In Fall 2011 the band released two albums – A Retrospective, a collection of the band’s most beloved songs spanning their 17-year career, which includes eight previously unreleased tracks, and 1969, an album of collaborations with legendary Japanese singer Saori Yuki. 1969 has been certified platinum in Japan, reaching #2 on the Japanese charts with the Japan Times raving “the love and respect Saori Yuki and Pink Martini have for the pop tradition shines through on every track.”
On New Year's Eve 2005, Pink Martini performed live at the Arlene Schnitzer Concert Hall in Portland, Oregon. This performance was aired live on National Public Radio's Toast of the Nation, and in partnership with Oregon Public Broadcasting was recorded for a live DVD and later broadcast on US public broadcasting and French television. The DVD has been re-released to retail as Discover the World: Live in Concert, featuring not only the full concert, but several vignettes and a short documentary of the band's history.
The band has collaborated and performed with numerous artists, such as Jimmy Scott, Carol Channing, Rufus Wainwright, Martha Wainwright, Jane Powell, Henri Salvador, Chavela Vargas, New York performer Joey Arias, puppeteer Basil Twist, Georges Moustaki, Michael Feinstein, filmmaker Gus Van Sant, Courtney Taylor Taylor of The Dandy Warhols, clarinetist and conductor Norman Leyden, Japanese legend Hiroshi Wada, Italian actress and songwriter Alba Clemente, DJ Johnny Dynell and Chi Chi Valenti, NPR White House Correspondent Ari Shapiro, the original cast of Sesame Street, March Fourth Marching Band, the Bonita Vista High School Marching Band from Chula Vista, California, and the Pacific Youth Choir of Portland, Oregon.
On November 22, 2005, Pink Martini appeared on Late Night with Conan O'Brien.  On June 1, 2007, the band appeared on the long-running BBC Two Later with Jools Holland TV music program. On June 14, 2007, Pink Martini performed on Late Show with David Letterman, performing "Hey Eugene". In December 2010 the band performed "We Three Kings" on The Tonight Show with Jay Leno and returned again in December 2011 to perform "Santa Baby." 
In February 2011, the group's lead singer, China Forbes, recorded a video greeting to the European Space Agency's Italian astronaut, Paolo Nespoli, and Russian cosmonaut Aleksandr Kaleri, on board the International Space Station. The astronauts were preparing to oversee the docking of ESA's Automated Transfer Vehicle (ATV) cargo vessel, Johannes Kepler, which took place at 17:08 CET on 24 February. The greeting was set to the sound track of Dosvedanya Mio Bombino—one of Pink Martini's signature songs—and was mixed with footage of the actual docking.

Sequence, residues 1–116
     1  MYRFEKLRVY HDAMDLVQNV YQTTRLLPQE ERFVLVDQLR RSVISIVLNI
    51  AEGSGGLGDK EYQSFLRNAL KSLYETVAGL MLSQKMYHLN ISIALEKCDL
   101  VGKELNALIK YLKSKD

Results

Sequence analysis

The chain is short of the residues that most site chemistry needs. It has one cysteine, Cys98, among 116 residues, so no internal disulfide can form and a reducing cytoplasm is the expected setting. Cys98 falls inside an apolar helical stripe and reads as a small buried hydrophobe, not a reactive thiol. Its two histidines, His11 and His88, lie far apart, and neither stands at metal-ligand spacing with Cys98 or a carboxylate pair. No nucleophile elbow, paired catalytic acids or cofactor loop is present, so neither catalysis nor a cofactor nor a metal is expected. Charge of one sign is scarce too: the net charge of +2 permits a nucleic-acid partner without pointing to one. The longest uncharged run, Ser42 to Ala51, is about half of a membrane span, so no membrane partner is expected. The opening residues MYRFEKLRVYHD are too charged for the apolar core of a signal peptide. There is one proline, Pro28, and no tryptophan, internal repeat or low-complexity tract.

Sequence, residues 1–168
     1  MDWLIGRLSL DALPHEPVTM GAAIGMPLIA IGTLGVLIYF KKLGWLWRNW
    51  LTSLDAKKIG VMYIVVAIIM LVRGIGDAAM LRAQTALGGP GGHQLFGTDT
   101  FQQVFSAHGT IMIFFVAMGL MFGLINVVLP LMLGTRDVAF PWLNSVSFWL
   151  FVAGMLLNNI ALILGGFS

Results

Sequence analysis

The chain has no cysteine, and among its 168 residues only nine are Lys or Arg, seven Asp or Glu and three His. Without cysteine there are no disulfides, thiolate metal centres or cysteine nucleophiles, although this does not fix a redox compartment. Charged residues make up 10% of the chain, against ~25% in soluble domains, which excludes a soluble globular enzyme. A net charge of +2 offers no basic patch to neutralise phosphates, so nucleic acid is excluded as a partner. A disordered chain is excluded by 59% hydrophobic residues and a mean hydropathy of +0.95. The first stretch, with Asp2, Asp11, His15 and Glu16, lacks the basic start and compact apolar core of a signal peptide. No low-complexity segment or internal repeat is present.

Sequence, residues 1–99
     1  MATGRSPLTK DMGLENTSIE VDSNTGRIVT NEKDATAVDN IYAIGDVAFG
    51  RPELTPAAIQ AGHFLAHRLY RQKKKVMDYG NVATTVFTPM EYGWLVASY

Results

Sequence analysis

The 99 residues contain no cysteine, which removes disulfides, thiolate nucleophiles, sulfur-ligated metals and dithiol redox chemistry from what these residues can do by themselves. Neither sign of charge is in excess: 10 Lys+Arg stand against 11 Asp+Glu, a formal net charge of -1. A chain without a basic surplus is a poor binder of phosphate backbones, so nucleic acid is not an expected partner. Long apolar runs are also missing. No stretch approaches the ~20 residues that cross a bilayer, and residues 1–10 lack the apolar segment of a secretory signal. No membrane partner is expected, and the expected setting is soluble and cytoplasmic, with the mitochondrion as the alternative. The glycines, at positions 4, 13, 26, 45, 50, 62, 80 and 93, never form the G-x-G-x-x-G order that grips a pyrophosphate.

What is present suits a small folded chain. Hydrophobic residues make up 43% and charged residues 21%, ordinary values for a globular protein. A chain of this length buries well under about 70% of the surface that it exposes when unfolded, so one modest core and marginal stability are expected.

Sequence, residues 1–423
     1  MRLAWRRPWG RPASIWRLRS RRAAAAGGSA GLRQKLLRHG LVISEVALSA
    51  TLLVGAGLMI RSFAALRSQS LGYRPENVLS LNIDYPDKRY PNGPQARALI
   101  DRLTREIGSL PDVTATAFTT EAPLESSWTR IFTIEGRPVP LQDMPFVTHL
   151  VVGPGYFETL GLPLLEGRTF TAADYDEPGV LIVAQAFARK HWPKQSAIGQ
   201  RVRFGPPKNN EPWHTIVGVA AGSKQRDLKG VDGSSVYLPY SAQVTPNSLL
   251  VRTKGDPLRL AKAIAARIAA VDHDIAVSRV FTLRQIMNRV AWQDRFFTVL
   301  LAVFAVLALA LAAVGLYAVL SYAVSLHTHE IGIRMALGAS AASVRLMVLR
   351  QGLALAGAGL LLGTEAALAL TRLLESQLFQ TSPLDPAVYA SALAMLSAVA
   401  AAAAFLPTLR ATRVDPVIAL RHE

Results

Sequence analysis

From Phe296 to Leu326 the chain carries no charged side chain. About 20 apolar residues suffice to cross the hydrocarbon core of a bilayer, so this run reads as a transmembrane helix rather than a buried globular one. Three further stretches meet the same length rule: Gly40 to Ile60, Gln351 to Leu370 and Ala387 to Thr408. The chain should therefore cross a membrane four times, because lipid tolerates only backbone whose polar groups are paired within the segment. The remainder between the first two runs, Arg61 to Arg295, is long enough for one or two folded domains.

On September 24, 2013 the band released their seventh studio album "Get Happy", featuring numerous guest artists.
In August 2014, Derek Rieth, congas & percussion, 43, was found dead of a self-inflicted gunshot wound to the head, in what was ruled a suicide.
Soundtrack and other media
Pink Martini songs appear in such films as In the Cut, Nurse Betty, Josie and the Pussycats,Tortilla Soup, Shanghai Kiss, Mary and Max, and Mr. & Mrs. Smith and have been used on television shows such as Dead Like Me, The Sopranos, The West Wing, Castle and Sherlock. Their song "Una notte a Napoli" is an integral part of the Italian movie Mine Vaganti (2010), by the Italian-Turkish director Ferzan Özpetek. The song "No Hay Problema" is included as background/setup music for Microsoft's Windows Server 2003 and was also used as the background/setup music for an early build of Windows Longhorn, now known as Windows Vista.
Heinz Records is an independent record label that produces the band's albums. Named after Lauderdale's dog, Heinz Records is run by its members and is distributed by NAIL Distribution. Heinz Records is also the label for China Forbes, Storm Large, and The von Trapps.
- Sympathique (1997)
- Hang On Little Tomato (2004)
- Hey Eugene! (2007)
- Splendor in the Grass (2009)
- Joy to the World (2010)
- Get Happy (2013)
- Dream a Little Dream (2014), with the von Trapps
- "Pink Martini Bio". Retrieved 5 February 2013.
- Nate Chinen (15 June 2007). "Grab a Cocktail and Listen to the Vintage-Chic Band". The New York Times. Retrieved 5 February 2013.
- "Pink Martini". CBS Sunday Morning. 1 January 2012.
|Wikimedia Commons has media related to Pink Martini.|
- Pink Martini official website
- Pink Martini at the Internet Movie Database, for a partial list of soundtrack appearances